Lexington Green

Pitcairn’s advance column arrived at the outskirts of Lexington just about sunrise, around 5:00 AM.  Both sides greatly overestimated the other.  British accounts estimate 200-300 militia still assembling on Lexington Green.  Most estimates by the militia seem to put their numbers at 60-70.  Similarly, the militia estimated the British force to be 1200-1500 men, when in fact the advance column totaled about 250.

Maj. Pitcairn was bringing up the rear of his advance column while a young Lieutenant named Jesse Adair led the front.  Pitcairn had planned to march past Lexington straight to Concord. Rather than remain on the road to Concord, Adair steered the column toward Lexington Green to confront the militia.  As the column turned, Pitcairn realized what was happening, galloped forward and rerouted the column along the road to Concord.  But the first two companies were already moving with Adair to confront the militia.  Before Pitcairn could do anything, they charged forward, nearly running as they quickly assembled into a line of battle.  The Regulars began shouting, making it difficult for everyone to hear orders.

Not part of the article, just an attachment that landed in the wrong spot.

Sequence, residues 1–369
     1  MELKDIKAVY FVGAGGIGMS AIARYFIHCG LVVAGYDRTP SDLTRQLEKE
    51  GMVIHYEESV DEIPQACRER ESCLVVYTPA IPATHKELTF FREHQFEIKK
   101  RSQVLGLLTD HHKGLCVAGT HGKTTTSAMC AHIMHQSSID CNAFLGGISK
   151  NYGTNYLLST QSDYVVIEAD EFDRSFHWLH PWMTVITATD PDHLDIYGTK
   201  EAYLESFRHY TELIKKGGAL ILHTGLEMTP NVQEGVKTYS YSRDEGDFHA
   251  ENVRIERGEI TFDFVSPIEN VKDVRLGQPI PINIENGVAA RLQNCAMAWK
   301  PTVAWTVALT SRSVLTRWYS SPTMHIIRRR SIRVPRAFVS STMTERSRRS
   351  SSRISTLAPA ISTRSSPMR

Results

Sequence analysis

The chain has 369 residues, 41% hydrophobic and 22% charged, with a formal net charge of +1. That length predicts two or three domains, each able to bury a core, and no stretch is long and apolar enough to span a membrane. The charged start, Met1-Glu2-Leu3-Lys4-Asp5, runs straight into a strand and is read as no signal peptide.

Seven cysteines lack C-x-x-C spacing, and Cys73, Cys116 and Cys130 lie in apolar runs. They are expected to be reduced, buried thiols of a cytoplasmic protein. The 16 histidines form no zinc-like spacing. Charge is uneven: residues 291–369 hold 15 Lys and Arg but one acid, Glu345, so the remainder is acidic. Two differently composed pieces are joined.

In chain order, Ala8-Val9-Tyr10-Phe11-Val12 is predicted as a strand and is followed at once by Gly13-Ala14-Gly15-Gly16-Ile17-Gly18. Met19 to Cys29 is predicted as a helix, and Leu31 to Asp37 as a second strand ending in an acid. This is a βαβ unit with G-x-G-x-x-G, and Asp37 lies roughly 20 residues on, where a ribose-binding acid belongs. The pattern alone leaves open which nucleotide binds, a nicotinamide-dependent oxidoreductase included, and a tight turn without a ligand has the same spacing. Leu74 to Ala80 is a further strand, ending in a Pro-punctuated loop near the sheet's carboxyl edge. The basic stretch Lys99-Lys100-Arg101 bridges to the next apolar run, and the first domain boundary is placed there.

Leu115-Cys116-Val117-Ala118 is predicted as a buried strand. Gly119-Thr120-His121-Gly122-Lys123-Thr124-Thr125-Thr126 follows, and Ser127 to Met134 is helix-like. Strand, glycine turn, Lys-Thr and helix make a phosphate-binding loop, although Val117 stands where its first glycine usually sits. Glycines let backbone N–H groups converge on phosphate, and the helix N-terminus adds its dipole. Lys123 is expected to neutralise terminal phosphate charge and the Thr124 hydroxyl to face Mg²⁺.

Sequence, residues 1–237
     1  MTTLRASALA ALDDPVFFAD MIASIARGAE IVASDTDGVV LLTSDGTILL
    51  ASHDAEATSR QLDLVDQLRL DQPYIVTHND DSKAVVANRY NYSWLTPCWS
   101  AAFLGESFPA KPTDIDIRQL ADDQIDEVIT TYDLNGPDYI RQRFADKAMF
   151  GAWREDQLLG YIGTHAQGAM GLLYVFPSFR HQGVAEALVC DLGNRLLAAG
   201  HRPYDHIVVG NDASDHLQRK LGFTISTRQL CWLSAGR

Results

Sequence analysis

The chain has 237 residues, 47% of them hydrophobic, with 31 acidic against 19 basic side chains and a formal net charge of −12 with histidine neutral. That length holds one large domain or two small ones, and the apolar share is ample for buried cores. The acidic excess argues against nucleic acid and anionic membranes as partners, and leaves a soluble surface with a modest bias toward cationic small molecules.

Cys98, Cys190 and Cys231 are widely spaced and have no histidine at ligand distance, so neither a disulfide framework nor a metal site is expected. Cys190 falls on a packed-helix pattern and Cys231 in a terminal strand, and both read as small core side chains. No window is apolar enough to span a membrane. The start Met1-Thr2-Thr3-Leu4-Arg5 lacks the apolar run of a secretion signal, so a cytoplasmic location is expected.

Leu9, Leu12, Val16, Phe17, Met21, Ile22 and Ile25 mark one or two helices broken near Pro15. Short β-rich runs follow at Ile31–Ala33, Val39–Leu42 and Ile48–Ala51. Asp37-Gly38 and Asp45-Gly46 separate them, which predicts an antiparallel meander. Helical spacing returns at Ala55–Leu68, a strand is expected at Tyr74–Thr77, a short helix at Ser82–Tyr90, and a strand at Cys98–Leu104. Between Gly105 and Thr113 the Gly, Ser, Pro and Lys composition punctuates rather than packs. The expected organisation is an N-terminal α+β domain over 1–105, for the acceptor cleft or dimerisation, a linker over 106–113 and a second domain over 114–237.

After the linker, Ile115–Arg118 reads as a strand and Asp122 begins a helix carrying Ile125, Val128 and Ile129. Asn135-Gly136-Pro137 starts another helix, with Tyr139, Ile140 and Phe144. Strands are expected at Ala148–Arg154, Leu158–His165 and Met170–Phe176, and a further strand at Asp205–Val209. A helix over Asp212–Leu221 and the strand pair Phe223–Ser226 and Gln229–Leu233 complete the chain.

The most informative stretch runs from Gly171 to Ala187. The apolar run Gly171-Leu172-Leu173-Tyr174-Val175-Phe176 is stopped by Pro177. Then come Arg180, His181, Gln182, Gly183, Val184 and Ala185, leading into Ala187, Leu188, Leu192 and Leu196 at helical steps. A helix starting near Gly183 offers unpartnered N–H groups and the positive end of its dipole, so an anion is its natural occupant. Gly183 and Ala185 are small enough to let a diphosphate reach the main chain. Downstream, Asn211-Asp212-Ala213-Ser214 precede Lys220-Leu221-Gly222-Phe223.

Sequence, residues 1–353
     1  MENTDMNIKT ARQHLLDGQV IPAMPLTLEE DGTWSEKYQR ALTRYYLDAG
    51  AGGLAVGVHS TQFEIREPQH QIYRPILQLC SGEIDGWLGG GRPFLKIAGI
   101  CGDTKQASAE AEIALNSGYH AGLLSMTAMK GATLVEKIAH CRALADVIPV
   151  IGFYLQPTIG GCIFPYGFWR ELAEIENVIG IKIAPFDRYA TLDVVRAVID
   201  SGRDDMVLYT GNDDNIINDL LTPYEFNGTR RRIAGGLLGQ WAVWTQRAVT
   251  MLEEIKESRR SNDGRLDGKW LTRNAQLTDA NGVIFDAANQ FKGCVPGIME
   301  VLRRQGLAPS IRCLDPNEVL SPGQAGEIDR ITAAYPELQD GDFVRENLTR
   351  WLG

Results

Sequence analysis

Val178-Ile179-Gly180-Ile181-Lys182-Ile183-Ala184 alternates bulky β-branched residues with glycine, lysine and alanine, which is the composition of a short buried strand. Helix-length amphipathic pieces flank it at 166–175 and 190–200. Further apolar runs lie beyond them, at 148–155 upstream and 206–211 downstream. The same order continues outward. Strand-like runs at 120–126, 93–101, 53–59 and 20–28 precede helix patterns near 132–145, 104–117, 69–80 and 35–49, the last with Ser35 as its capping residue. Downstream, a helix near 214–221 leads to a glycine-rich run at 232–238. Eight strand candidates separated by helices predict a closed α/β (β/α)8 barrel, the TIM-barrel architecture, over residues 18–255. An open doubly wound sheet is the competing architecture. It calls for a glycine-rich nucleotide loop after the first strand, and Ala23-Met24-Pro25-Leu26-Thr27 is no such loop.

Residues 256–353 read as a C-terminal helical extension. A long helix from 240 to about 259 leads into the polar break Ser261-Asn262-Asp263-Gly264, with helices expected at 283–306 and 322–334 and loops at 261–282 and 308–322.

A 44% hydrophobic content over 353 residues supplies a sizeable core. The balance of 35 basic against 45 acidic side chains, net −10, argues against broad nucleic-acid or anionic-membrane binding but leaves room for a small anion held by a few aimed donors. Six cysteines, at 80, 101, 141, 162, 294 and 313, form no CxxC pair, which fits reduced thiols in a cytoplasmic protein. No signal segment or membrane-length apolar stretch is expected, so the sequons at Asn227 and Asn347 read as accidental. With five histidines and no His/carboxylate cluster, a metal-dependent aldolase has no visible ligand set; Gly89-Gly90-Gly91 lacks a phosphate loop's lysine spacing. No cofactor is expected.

British fire at Lexington (from BritishBattles)
Witnesses differ on the exact words, but some British officers called the militia rebels and villains and demanded they drop their arms and disperse.  Captain Parker, commanding the Lexington militia, ordered his men to disperse.  Some began walking away, but others apparently not hearing the orders or ignoring them, remained standing.  No one laid down their weapons..

Everyone seems to have a different account about what happened next. Several militia report a British officer firing his pistol, followed quickly by a ragged volley from the regulars.  More accounts seem to indicate the first shot came from a pistol off to the side, either behind a fence or hedge. Paul Revere, who was still struggling to hide Hancock’s trunk in the woods, could not see the encounter, but said he heard a pistol then quickly followed by the volley from the regulars.